China’s GDP Grows by 3.2% Post-COVID-19 Contraction

China’s economy witnessed a contraction of 6.8% in the first quarter of the year due to the pandemic. Nonetheless, it has made a strong comeback by growing 3.2% in GDP value in the second quarter.

First Economy to Grow Since the Pandemic

China was the first country to impose restrictions and face the wrath of the pandemic virus. Accordingly, its economy noted a sharp downturn in the first three months of pandemic imposed lockdown. Despite the slowdown, the economy picked up in the second quarter, thereby avoiding a recession. Experts highlight that this is a V-shaped recovery; a sharp decline followed by a quick recovery.  

China Bounces Back Stronger than Expected

Just as China was the first to impose restrictions, it has been the first to come back on its feet. This revival can be attributed to the stringent lockdown measures and stimulus packages implemented by the Chinese government. Also, the manufacturing sector has been vital in this growth. Further, industrial production has increased from 4.4% in May to 4.8% in June. 

China's Economic Recovery is Higher than Expected
China’s Economic Recovery is Higher than Expected

Meanwhile, the urban unemployment rate has also come down from 5.9% in May to 5.7% in June. The Chinese government also eased restrictions on domestic tourism. But, the growth in China has been more robust in the supply side than the demand. However, retail sales contracted by 1.8%, which is worrisome because consumer spending is an essential factor for the growth of an economy.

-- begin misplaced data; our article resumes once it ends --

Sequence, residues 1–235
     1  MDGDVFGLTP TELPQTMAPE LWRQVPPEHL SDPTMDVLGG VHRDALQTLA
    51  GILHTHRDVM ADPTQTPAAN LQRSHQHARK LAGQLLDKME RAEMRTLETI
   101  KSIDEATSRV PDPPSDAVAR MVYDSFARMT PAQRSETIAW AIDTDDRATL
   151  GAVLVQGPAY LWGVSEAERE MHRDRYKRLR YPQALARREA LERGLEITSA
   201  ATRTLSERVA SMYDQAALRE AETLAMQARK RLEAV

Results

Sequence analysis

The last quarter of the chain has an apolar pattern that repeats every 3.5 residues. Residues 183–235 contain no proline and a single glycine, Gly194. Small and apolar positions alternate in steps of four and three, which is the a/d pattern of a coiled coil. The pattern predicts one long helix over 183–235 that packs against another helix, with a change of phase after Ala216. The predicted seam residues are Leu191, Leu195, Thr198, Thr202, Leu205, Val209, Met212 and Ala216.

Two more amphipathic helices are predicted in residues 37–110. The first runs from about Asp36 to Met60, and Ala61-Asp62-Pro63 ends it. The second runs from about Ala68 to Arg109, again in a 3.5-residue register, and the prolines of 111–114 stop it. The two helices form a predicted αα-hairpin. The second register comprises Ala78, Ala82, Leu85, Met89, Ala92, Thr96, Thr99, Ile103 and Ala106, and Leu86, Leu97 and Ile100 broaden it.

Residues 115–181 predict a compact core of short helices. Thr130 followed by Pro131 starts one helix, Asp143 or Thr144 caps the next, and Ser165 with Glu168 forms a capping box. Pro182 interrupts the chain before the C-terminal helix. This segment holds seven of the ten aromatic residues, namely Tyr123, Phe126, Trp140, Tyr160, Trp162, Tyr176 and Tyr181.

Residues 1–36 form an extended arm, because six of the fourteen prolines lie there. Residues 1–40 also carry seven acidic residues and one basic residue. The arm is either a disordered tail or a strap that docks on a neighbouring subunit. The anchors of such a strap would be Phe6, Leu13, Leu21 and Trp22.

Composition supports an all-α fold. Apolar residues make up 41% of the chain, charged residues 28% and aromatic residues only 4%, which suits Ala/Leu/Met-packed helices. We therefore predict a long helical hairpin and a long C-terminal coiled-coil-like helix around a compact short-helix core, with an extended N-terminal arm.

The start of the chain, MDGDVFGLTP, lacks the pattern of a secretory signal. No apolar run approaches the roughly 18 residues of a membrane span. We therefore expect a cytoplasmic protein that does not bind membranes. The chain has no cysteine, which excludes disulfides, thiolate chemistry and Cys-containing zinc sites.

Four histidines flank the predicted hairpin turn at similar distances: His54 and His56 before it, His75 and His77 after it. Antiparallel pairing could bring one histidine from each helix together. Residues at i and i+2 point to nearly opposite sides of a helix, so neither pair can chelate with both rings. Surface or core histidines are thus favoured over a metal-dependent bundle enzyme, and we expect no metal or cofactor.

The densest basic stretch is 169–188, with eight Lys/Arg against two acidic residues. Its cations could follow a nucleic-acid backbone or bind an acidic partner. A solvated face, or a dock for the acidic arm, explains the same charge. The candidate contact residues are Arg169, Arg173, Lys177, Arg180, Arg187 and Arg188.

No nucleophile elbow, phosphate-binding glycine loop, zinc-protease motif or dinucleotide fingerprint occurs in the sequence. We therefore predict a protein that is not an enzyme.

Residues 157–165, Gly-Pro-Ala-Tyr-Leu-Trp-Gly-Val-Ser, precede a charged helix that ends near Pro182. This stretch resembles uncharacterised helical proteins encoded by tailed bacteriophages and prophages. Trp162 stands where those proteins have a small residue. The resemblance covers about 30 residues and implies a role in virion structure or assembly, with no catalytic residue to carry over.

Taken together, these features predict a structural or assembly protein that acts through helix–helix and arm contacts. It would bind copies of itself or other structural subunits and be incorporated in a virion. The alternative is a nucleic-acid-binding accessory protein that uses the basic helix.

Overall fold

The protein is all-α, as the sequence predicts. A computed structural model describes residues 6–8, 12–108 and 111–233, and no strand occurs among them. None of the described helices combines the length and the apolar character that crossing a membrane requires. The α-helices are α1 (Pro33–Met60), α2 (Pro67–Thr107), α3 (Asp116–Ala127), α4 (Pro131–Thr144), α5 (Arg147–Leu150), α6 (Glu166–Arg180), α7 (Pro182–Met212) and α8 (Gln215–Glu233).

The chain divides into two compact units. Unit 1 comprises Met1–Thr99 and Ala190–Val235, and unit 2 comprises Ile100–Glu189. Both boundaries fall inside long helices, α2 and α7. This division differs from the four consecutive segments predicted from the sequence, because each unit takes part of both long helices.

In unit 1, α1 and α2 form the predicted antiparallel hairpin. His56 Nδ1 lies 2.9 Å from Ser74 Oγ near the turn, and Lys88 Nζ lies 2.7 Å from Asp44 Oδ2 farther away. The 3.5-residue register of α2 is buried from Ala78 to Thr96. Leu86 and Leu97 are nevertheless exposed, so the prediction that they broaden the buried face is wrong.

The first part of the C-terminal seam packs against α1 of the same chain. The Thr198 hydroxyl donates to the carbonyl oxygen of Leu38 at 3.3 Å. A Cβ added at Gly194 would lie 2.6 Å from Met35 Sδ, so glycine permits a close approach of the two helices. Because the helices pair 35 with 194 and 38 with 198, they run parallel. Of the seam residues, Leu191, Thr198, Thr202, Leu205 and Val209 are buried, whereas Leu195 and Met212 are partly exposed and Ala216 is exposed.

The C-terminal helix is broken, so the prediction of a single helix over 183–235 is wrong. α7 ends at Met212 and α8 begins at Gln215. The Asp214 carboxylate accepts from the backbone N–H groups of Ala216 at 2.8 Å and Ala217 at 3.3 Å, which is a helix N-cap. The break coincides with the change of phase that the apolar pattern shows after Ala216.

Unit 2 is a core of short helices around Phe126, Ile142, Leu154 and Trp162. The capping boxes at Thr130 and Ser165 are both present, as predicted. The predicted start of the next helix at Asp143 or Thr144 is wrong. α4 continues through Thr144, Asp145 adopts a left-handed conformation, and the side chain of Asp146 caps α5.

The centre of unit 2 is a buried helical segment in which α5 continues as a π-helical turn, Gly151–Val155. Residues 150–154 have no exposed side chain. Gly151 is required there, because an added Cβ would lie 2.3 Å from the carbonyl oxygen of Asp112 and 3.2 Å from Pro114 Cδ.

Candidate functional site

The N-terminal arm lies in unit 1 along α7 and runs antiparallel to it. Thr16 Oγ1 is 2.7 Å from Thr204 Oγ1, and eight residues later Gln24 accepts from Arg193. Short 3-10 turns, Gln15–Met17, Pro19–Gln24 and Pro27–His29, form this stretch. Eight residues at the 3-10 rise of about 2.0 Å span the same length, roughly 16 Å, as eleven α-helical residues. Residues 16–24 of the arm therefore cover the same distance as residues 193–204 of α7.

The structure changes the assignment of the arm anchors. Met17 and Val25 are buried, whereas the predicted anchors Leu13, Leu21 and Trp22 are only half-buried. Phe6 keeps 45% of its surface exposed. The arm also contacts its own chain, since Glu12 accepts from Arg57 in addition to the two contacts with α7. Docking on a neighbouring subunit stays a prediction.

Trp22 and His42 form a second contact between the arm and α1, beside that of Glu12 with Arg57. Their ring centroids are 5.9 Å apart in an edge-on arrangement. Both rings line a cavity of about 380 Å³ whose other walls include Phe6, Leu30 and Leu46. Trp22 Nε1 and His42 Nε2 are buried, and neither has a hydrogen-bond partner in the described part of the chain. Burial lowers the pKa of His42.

Why it is Good News for the world?

The growth in China augurs well for significant economies that are currently struggling mainly because the world second-largest economy averted recession. Earlier in June, the International Monetary Fund estimated that the global economy could contract by 4.9% in 2020. Meanwhile, China’s bounce back is positive because economic normalizations seem more manageable. Also, China’s economic recovery suggests that global contraction will be lesser than expected.

However, one must note that even in China, people are not willing to spend money readily. Thus, the fear of losing jobs and the virus threat still lingers. 

Outperforms the Forecasts

Analysts polled by Refinitiv said that China could only expect a 2.5% growth. But, it had an unexpected yet positive growth of 3.2%. Considering that the world economic growth is at its worst since April, this is surprising. According to Lu Ting, chief China economist from Nomura, this has been due to an increase in medical exports, catch up in production, and stimulus in both China and significant countries. 

Though all seems good for now, the rising tensions between the US and China is still a significant concern. Also, a second wave of the COVID-19 pandemic could cause a derail in recovery. 

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